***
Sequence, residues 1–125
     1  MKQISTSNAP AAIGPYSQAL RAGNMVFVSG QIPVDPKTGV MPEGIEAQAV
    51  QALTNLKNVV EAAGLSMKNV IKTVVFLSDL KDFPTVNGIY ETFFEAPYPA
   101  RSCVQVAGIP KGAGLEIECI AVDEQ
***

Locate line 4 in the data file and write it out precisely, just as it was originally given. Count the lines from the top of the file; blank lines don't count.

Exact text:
   101  RSCVQVAGIP KGAGLEIECI AVDEQ